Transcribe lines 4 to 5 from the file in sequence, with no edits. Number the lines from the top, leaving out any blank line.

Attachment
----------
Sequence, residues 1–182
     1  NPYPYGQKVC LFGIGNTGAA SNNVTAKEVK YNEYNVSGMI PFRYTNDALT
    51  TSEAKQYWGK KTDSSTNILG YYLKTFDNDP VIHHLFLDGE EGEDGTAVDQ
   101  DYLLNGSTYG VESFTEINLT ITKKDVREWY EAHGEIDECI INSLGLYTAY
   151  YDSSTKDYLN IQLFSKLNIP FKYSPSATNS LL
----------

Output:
   101  DYLLNGSTYG VESFTEINLT ITKKDVREWY EAHGEIDECI INSLGLYTAY
   151  YDSSTKDYLN IQLFSKLNIP FKYSPSATNS LL